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          The MOS 36-item short-form health survey (SF-36). I. Conceptual framework and item selection.

          A 36-item short-form (SF-36) was constructed to survey health status in the Medical Outcomes Study. The SF-36 was designed for use in clinical practice and research, health policy evaluations, and general population surveys. The SF-36 includes one multi-item scale that assesses eight health concepts: 1) limitations in physical activities because of health problems; 2) limitations in social activities because of physical or emotional problems; 3) limitations in usual role activities because of physical health problems; 4) bodily pain; 5) general mental health (psychological distress and well-being); 6) limitations in usual role activities because of emotional problems; 7) vitality (energy and fatigue); and 8) general health perceptions. The survey was constructed for self-administration by persons 14 years of age and older, and for administration by a trained interviewer in person or by telephone. The history of the development of the SF-36, the origin of specific items, and the logic underlying their selection are summarized. The content and features of the SF-36 are compared with the 20-item Medical Outcomes Study short-form.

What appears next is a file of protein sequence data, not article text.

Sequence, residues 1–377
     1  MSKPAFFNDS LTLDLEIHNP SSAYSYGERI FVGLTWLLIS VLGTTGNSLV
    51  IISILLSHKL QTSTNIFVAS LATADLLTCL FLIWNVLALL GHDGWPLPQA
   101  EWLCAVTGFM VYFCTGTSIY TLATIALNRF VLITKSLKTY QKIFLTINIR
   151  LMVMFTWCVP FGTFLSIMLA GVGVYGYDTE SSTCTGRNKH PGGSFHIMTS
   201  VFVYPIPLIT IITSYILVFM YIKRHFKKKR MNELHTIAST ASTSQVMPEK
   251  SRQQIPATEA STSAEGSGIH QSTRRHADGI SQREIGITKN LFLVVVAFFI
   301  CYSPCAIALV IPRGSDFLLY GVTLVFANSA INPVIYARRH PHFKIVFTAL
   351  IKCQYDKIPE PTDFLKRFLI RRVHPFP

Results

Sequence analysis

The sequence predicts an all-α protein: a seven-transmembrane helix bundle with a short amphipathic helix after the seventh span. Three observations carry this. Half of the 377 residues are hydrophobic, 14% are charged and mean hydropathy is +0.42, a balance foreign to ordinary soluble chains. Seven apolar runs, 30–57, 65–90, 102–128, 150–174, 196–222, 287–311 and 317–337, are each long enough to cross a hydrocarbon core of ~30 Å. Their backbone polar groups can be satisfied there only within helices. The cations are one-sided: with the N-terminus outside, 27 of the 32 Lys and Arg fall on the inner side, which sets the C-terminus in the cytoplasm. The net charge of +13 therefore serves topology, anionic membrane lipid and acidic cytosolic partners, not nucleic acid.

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            Validation of the Insomnia Severity Index as an outcome measure for insomnia research.

             C. Bastien (2001)